Re: Evolving Publisher Copyright Policies On Self-Archiving Stevan Harnad 28 Oct 2003 09:56 UTC

> I... checked with one of our editors, and she clarified that it is the
> "accepted" version of the paper that the author is free to post and submit
> to online archives--that's the version after peer review and corrections,
> but before copyediting and formatting by Science staffers. (I agree that
> distinction should be clearer in the guidelines, as I couldn't figure
> it out for myself.)

Unfortunately, as I have not received any reply to my request to post
the above passage officially, I can only post it as an unofficial and
anonymous clarification from someone at AAAS/Science/. However, the news
is good, even though unofficial and unconfirmed. According to this reply,
what AAAS means by "preprint" is the refereed, corrected final
draft (i.e., precisely what Romeo means by "postprint" rather than
"preprint")! So Science should be listed now, along with with Nature, as a
"green" journal and not just a "blue" one. This will need to be clarified
when SHERPA takes over the Romeo Table of Journals' self-archiving

    "SHERPA will take over the Romeo Publisher Policy Table"

(Romeo "blue" journals support the self-archiving of only the unrefereed
preprint, and not the final, refereed, corrected, accepted draft
["postprint"]. Of course the distinction between blue and green is only
a matter of a slight added inconvenience for self-archiving authors. For
green journals, the refereed final draft can be self-archived directly;
for blue journals, the unrefereed preprint must be linked to a separate
"corrections" file. Many of the green journals are more generous still,
and allow authors to self-archive the journal's own PDF or even XML
version. Such publishers are approaching the "gold" status of open-access

Here is a timeline of developments in publisher self-archiving policies
from 1996 to the present: As open-access policies like those in the Berlin
Declaration are implemented by Universities and Research-Funders,
publishers will move from white to blue/green (and some even eventually
to gold) as the demand for open access grows.

    "APA Interim Internet Publishing Policy" (1996)

Relevant prior AmSci Forum threads:

"Science 4 September on Copyright" (1998)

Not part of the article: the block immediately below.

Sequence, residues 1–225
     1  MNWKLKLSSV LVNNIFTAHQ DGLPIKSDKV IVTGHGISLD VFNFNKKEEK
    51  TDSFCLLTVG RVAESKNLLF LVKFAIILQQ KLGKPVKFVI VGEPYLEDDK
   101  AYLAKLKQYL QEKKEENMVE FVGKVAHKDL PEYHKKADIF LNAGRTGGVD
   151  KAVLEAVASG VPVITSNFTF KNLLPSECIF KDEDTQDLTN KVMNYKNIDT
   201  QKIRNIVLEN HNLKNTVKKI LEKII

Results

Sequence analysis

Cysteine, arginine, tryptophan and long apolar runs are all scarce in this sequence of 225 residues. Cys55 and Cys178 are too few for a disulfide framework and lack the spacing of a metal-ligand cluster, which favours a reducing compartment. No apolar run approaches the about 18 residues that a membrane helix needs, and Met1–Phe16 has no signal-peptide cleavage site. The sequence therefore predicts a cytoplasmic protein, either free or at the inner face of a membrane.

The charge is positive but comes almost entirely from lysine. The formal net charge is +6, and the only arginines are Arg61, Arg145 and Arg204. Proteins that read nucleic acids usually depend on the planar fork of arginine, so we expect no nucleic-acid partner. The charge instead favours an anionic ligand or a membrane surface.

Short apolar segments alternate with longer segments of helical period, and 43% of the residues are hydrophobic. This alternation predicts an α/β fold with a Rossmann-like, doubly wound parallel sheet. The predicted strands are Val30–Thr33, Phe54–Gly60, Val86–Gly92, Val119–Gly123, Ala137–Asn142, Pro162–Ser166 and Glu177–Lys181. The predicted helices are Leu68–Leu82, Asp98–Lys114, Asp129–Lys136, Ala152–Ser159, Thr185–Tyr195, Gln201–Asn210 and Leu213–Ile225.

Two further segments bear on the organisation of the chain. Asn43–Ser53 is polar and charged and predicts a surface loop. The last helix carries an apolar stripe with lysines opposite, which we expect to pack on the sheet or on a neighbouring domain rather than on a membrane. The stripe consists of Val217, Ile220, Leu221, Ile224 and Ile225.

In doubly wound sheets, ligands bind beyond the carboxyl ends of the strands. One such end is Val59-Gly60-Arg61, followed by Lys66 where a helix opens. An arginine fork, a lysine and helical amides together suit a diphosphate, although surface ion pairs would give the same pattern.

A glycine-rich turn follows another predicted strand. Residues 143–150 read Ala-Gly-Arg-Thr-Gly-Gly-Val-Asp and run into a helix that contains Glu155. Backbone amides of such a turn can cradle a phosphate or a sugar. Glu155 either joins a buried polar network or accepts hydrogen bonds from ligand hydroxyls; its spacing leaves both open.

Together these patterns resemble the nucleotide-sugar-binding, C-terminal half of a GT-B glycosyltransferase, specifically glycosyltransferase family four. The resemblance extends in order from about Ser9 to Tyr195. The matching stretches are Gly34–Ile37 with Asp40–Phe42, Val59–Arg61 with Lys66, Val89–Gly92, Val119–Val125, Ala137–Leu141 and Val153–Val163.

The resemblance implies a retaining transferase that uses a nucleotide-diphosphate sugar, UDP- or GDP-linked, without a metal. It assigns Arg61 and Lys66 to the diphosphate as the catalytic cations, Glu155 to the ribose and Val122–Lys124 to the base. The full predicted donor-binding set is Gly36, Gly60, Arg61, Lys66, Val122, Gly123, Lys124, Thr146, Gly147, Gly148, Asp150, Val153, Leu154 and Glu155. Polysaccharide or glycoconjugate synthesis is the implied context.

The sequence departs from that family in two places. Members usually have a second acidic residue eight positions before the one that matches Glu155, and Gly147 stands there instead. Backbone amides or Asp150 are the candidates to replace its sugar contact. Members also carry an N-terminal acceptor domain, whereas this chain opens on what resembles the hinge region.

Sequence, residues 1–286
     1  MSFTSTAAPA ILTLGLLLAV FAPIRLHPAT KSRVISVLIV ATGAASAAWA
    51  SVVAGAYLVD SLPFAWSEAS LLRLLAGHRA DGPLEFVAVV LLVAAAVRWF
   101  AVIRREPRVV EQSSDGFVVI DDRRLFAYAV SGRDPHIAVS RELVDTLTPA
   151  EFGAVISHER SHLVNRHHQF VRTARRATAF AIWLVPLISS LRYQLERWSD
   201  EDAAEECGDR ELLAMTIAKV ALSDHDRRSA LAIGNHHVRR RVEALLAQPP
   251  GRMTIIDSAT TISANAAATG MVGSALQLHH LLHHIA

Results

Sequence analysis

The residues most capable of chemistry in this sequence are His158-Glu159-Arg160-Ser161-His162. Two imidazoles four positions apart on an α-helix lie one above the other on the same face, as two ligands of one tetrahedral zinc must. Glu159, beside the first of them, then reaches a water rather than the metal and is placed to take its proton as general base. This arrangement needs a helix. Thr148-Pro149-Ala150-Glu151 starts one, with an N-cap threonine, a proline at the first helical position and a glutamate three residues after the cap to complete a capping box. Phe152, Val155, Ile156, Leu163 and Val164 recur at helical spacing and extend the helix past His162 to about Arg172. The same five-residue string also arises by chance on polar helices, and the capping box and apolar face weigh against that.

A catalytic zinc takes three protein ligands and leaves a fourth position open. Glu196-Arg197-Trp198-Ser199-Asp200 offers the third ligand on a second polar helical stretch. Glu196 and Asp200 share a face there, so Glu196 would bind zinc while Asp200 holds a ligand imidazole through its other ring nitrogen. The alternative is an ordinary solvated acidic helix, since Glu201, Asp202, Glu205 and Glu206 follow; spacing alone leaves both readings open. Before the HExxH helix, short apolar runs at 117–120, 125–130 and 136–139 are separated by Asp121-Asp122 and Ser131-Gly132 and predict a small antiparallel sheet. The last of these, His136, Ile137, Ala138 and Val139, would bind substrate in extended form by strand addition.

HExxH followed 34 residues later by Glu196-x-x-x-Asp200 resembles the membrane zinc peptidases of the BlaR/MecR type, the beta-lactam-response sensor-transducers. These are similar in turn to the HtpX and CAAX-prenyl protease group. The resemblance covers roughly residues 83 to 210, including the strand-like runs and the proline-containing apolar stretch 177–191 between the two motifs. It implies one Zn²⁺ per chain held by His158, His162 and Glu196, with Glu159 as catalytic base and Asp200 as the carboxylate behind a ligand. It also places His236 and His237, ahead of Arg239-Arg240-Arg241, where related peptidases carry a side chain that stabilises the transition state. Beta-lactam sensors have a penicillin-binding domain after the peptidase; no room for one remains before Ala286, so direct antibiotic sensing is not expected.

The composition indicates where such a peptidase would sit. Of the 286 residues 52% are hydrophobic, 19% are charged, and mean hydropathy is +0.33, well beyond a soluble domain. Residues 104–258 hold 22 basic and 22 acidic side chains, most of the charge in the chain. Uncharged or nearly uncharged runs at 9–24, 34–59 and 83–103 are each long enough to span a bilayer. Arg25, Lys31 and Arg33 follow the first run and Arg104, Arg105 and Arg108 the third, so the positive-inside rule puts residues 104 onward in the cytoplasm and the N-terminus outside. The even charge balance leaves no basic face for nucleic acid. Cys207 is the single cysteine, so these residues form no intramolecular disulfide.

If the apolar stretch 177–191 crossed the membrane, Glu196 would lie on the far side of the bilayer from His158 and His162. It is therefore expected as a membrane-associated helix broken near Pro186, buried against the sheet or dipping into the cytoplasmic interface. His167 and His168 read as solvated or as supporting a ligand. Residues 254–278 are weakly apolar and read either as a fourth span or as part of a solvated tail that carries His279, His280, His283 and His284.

"Nature 10 September on Public Archiving" (1998)

"Chron. High. Ed. 18 September on Cal Tech & Copyright" (1998)

"Elsevier Science Policy on Public Web Archiving Needs Re-Thinking" (1998)

"Academic Press Journal Article Copyright Policy" (1999)

"Copyright FAQ for refereed journal authors" (1999)

"The Copyright Non-Problem and Self-Archiving" (1999)

"Evolving APS Copyright Policy (American Physical Society)" (1999)

"Copyright, Embargo, and the Ingelfinger Rule" (2000)

"Nature's vs. Science's Embargo Policy" (2000)

"Legal ways around copyright for one's own giveaway texts" (2000)

"Authors 'Victorious' in UnCover Copyright Suit" (2000)

"Science Article (Roberts et al.) and Science Editorial" (2001)

"PostGutenberg Copyrights and Wrongs for Give-Away Research" (2001)

"NEJM's New Website and New Policy" (2001)

"Copyright: Form, Content, and Prepublication Incarnations" (2001)

"Clarification of 'parasitism' and copyright" (2002)

"Berkeley Electronic Press's Self-Archiving Policy" (2002)

"Association for Computer Machinery Copyright/Self-Archiving Policy" (2002)

"Interview with Derk Haank, CEO, Elsevier" (2002)

"Evolving Publisher Copyright Policies On Self-Archiving" (2002)

"Open Letter to Philip Campbell, Editor, Nature" (2003)

"Elsevier's self-archiving policy" (2003)

    Harnad, S. (2000) E-Knowledge: Freeing the Refereed
    Journal Corpus Online. Computer Law & Security Report
    16(2) 78-87. [Rebuttal to Bloom Editorial in Science
    and Relman Editorial in New England Journal of Medicine]

    Harnad, S. (2001) AAAS's Response: Too Little, Too Late. Science dEbates
    [online] 2 April 2001.

Stevan Harnad

NOTE: Complete archive of the ongoing discussion of providing open
access to the peer-reviewed research literature online is available at
the American Scientist September Forum (98 & 99 & 00 & 01 & 02 & 03):
    Posted discussion to:

Dual Open-Access Strategy:
    BOAI-2: Publish your article in a suitable open-access journal
            whenever one exists.
    BOAI-1: Otherwise, publish your article in a suitable toll-access
            journal and also self-archive it.